By Wayne Chargualaf
One summer, when Wayne Cornell was a teenager, he decided he had taken enough of working on his uncle’s 160-acre farm in upstate New York.
Cornell says, “I remember telling my father, ‘Dad, I am going to college and learning to work with my mind, because I am not going to do this for a living.’ He responded, ‘Good; now get back to work.’ That same summer, my next-door neighbor, who was a civil engineer and land surveyor with a small, but highly regarded engineering firm, asked me if I wanted to work for him part-time. After getting my father’s permission, I began working for him on Saturdays and whenever I could be spared from farm work.”
Already an excellent student who loved math and science, the summer job instilled a love for engineering and laid the foundation for a career that would eventually take Cornell half a world away and into the position of president and CEO of one of the biggest firms in Guam.
In early 2004, three companies formed a joint venture for the purposes of pursuing the large Base Operations Support Services Contract on Guam — Day & Zimmerman, SKE Support Services Inc. and Parsons Infrastructure & Technology created DZSP 21 LLC. After multiple changes of ownership, DZSP 21 is now owned by a joint venture of PAE and Parsons Government Services, and is the fifth largest employer in Guam — with 900 employees, including “embedded” subcontractors from Advance Management Inc., Cruz Associates Pacific and PacSea.
DZSP 21 fulfills the BOS services contract by providing products and services to all military branches in Guam, to include the Guam Guard.
“I lead a spectacular organization”, says Cornell. “[DZSP 21] provides exceptional services to our military, and I am happiest when our customers are delighted and my people are recognized for their incredible services.”
After graduating high school, Cornell was awarded a full scholarship to Clarkson College of Technology, an engineering school in New York. Although Cornell describes Clarkson as “a great school,” he chose instead to enlist in the U.S. Navy, citing a “new-found affection for wine, women and song” as a possible influence.
During basic training at Great Lakes, Ill., Cornell says, “The company chief saw something in me and marched me to the Navy Career Counselor and stated, ‘Lieutenant, we need to find this sailor an officer program; he’s much too smart to be a white hat’… After a series of tests and interviews, I was selected to go to the United States Naval Academy.”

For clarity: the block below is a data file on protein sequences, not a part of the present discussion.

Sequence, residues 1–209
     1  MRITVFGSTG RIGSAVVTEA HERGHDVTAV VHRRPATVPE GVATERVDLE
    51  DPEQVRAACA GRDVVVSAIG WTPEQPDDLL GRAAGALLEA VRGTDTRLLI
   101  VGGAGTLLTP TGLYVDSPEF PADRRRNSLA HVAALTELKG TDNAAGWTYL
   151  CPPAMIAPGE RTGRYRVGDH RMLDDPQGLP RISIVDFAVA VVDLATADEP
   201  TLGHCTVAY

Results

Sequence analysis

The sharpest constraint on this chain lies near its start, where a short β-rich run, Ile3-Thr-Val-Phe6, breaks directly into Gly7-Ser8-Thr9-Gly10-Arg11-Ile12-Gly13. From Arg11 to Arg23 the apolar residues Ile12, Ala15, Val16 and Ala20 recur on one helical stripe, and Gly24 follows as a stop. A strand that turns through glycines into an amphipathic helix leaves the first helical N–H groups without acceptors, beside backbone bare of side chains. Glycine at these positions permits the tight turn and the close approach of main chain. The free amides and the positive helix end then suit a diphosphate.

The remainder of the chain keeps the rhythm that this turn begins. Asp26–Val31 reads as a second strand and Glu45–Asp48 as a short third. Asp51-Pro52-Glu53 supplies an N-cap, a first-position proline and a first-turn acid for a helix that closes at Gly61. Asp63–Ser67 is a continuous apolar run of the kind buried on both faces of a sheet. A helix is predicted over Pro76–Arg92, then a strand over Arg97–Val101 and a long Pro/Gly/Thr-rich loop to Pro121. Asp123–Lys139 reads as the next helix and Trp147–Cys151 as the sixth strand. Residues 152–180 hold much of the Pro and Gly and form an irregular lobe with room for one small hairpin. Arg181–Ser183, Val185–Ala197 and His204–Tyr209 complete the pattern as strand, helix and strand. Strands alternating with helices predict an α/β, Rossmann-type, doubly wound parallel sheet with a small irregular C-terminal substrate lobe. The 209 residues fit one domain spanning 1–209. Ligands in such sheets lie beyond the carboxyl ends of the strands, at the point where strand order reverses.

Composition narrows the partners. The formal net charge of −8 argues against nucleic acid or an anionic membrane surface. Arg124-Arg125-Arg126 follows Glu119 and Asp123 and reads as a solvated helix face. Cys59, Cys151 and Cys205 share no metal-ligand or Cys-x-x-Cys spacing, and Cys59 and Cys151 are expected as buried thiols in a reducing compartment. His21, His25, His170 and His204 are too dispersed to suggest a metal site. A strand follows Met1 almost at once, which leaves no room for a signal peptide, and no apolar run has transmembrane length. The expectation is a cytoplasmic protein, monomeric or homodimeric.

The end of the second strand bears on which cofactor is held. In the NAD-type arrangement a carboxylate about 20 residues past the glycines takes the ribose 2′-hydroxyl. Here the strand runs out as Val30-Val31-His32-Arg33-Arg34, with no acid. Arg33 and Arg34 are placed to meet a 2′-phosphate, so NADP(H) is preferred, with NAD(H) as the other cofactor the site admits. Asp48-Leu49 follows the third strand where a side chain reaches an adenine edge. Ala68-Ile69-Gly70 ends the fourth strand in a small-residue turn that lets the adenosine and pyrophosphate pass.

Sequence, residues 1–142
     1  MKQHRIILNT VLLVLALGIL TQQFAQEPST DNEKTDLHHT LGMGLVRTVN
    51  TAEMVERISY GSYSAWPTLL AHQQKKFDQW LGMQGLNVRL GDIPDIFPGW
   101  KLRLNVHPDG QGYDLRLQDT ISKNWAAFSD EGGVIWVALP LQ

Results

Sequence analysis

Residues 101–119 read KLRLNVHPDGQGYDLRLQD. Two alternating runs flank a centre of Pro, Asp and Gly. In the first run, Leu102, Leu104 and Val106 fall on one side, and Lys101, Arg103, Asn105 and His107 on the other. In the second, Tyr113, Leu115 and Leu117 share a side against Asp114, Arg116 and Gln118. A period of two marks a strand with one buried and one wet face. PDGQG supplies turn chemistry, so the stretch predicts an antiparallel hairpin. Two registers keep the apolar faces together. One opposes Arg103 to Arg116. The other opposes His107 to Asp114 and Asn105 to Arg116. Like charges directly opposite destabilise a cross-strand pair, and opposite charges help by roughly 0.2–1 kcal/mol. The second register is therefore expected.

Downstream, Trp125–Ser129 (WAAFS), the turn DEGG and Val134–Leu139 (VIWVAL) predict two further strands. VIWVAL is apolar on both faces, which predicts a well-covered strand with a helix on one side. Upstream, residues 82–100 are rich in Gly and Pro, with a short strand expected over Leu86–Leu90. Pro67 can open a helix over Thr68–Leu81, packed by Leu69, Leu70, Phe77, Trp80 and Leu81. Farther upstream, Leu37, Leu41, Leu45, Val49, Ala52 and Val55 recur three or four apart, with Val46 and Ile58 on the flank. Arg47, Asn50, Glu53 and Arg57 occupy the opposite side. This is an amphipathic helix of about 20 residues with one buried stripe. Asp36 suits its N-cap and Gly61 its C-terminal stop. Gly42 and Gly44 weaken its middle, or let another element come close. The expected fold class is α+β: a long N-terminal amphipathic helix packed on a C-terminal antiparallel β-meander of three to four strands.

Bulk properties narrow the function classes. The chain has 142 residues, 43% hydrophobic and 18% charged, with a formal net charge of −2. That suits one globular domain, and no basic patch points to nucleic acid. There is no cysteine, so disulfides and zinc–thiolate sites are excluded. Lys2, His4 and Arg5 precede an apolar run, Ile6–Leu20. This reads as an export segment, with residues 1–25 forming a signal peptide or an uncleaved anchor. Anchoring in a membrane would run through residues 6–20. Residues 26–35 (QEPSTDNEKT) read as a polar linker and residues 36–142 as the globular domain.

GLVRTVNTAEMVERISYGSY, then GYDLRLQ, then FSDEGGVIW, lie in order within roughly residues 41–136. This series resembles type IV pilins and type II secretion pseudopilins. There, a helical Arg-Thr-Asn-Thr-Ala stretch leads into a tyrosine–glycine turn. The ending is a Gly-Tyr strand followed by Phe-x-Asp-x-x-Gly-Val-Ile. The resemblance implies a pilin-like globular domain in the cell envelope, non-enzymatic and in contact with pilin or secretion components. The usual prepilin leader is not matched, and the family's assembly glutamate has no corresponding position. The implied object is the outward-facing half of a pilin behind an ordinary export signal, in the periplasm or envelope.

Cornell believed nuclear propulsion would become the Navy’s propulsion system of the future and chose applied sciences as his major. “It was the preferred major of those who intended to choose nuclear power upon graduation — very heavy on math, electricity, nuclear physics, wave physics and underwater sonics.”
Upon graduation, Cornell was commissioned into the Civil Engineering Corps. Approximately two years later, he was sent by the Navy to attend post-graduate school at the University of Illinois at Urbana-Champaign, where he earned a master’s in civil engineering with courses in construction and engineering management.
During his career with the CEC, Cornell served in all four key CEC career fields — public works, construction, Seabees, and staff. “However, four of my seven tours were in public works and installation management. Upon retirement in 1991, I was blessed to have five job offers, chose facilities management at a Chicago-area university, got into government contracting in 1995 and the rest is history.”
Along with his military achievements, Cornell is a registered professional engineer (civil) in Hawaii and Virginia, and is a member of the Society of American Military Engineers, Guam Society of Professional Engineers, Guam Chamber of Commerce and Guam Contractors Association. He has also worked for companies such as DynCorp, Baker Support Services Inc., Raytheon Technical Services Co., and C. Martin Co.
The philosophy with which Cornell approaches his profession — as well as life overall — emphasizes hard work, being proactive, being mindful of the consequences of your decisions, balancing careful planning with boldness, personal integrity and character, gratitude and the importance of family and faith. He attributes much of his success to “circumstances, luck and God’s blessings.”
As executives, Cornell advises learning to stretch the dollars of your organization by developing leaner, more efficient processes; learning to identify problems — including when a particular situation can no longer be saved — and finding ways to resolve them; developing plans of action with milestones and monitoring them frequently; identifying the customer’s ‘hot buttons’ and focusing resources on them; being willing to try something new and continually developing yourself; being strong enough to make tough choices; listening to both your customers and your people, “most especially your ‘chiefs’”; training your successor; taking care of your people; and if nothing else, reading James Kouzes and Barry Z. Posner’s “The Leadership Challenge.”
In conclusion, Cornell says, “Be a leader. Good management skills are important but you can hire them. Irrespective of what others may say, good leadership is good common sense.”